★★★★★ - Masterful
★★★★ - Excellent
★★★ - Very Good
★★ - Fine
★ - Poor/Below Average

Favorite films

  • The Wedding March
  • Two in the Shadow
  • Moonrise
  • Four Nights of a Dreamer

Recent activity

  • The Philadelphia Story

  • Cabiria

  • Strange Days


  • Robinson Crusoe


Recent reviews

  • Halloween Kills

    Halloween Kills

    Another franchise that has seen better days. While Kills does, admittedly, improve upon its predecessor - a film I found to be vastly overrated - it still falls short where it counts, winding up one of the series' most middling entries yet. David Gordon Green's lackluster horror instincts, the main impediment, are mostly to blame. The flattest looking Halloween title along with H20, with most scenes lit in a televisual style more befitting of a network drama than a horror…

  • Rembrandt's J'Accuse...!

    Rembrandt's J'Accuse...!


    There's an illness going around, the illness of visual illiteracy, and Peter Greenaway has the cure. Hoping to make our 'text-based culture' more visual-oriented, Greenaway argues for the necessity of visual literacy, and what better way to get that message across than by putting his own visual analysis skills to good use, through the paintstaking examination of Rembrandt's The Night Watch: a painting where the smallest brushstroke means something, where the most inconspicuous detail could potentially hold the key to…

Popular reviews

  • Mank


    From an ideological standpoint, worthy of the utmost contempt. For the longest time, there has been an effort to undermine Orson Welles' legacy, mostly on the part of Pauline Kael, the "brains" behind the slanderous bucket of lies known as "Raising Kane," and now David Fincher, with Mank, is the latest to jump on the dog-pile, putting forth the argument (a debunked one, mind you) that screenwriter Joseph L. Mankiewicz was the real genius behind Citizen Kane and that wonderkid…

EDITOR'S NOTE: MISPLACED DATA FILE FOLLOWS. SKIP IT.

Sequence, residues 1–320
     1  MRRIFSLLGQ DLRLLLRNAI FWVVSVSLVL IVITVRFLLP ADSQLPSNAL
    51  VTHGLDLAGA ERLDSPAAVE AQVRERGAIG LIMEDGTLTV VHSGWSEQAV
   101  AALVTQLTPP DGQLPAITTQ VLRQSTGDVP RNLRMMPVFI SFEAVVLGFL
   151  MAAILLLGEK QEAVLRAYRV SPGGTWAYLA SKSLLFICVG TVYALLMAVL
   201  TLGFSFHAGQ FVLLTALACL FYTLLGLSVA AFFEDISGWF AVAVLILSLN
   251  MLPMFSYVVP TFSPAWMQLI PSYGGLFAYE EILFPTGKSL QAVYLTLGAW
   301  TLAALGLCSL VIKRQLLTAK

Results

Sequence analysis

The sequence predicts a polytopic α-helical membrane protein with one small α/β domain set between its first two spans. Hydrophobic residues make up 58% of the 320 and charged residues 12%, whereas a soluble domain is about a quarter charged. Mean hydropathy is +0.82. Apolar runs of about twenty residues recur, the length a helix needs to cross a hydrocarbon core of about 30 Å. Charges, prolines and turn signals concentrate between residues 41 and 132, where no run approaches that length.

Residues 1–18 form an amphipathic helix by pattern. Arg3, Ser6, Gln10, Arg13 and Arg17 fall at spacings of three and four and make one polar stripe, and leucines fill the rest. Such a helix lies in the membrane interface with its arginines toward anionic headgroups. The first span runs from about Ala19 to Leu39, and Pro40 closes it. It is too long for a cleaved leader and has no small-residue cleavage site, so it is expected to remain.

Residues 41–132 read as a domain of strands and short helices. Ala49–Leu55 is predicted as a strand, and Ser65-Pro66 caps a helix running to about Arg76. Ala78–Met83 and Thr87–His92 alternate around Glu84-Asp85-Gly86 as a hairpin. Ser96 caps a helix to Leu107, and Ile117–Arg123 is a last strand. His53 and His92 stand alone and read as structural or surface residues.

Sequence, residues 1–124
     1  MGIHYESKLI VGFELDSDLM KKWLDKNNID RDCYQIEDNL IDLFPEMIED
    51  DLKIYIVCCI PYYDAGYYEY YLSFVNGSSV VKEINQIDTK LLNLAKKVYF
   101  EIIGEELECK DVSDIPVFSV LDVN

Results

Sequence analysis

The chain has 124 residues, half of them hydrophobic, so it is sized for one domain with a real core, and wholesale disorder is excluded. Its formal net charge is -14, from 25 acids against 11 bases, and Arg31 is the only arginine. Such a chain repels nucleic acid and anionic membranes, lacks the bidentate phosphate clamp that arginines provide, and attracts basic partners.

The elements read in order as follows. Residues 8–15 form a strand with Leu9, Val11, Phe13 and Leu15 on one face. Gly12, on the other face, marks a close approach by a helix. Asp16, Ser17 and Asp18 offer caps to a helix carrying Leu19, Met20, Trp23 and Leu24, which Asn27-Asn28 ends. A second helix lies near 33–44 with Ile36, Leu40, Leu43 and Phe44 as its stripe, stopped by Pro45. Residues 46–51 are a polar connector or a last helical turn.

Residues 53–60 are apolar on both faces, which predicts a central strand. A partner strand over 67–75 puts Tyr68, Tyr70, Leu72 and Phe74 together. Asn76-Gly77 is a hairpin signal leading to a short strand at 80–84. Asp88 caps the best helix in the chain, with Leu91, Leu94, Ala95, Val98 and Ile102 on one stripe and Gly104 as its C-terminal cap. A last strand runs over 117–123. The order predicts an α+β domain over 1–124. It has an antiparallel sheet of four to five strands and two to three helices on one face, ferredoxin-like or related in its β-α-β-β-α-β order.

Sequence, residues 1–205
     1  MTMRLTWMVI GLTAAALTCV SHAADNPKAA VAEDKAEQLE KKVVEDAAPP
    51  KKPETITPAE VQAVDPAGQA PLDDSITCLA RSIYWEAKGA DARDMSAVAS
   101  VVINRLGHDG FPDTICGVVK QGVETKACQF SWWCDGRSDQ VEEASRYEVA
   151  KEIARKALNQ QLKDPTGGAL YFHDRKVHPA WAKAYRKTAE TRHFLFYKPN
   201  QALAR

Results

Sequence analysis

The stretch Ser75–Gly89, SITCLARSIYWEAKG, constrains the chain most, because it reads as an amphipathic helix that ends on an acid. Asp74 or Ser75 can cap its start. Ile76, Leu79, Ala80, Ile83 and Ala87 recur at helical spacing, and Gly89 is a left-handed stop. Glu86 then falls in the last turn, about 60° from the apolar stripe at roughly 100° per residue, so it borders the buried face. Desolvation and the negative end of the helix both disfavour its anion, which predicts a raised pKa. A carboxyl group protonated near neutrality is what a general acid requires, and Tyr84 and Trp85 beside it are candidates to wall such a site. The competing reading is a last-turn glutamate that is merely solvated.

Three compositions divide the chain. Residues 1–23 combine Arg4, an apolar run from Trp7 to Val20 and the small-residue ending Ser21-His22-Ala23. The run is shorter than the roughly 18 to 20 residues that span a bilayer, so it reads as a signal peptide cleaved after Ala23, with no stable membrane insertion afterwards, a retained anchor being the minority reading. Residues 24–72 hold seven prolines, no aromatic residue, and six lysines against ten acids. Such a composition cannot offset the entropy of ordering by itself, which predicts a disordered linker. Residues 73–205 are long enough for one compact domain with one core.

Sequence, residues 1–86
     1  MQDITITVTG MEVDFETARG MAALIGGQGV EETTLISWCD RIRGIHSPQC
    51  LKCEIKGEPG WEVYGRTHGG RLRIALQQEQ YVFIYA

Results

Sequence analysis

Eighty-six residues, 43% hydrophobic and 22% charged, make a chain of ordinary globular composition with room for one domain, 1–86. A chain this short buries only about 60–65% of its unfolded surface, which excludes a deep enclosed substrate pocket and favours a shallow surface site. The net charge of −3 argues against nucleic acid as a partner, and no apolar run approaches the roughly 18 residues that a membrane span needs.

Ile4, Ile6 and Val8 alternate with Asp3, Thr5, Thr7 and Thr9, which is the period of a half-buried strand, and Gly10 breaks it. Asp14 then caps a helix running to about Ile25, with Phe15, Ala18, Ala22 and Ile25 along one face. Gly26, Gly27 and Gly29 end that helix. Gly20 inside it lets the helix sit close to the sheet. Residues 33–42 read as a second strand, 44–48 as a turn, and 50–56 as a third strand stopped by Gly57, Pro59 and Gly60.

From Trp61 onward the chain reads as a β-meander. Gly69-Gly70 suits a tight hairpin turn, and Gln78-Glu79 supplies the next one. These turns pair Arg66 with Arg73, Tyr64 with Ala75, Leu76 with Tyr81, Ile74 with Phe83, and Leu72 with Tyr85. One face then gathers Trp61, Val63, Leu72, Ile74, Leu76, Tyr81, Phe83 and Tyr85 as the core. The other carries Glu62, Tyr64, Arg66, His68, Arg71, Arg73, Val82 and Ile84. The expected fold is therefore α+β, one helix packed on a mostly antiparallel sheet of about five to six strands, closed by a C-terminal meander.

• Portrait of a Lady on Fire

    Portrait of a Lady on Fire

    Based on its lofty 4.4 average user rating, it appears that Portrait of a Lady on Fire now occupies the position of a sacred cow. Is the hype warranted? Not in the slightest. From top to bottom, Portrait comes off as cinema at its most affected and pandering, featuring nearly every trope and cliché that "trendy" cinephiles have come to expect with their NEON/A24-produced "Indie darlings": everything from self-conscious formalism to forced representation to stilted pacing to predictable plotting. What a lifeless bore—hope it enjoys its Criterion sticker.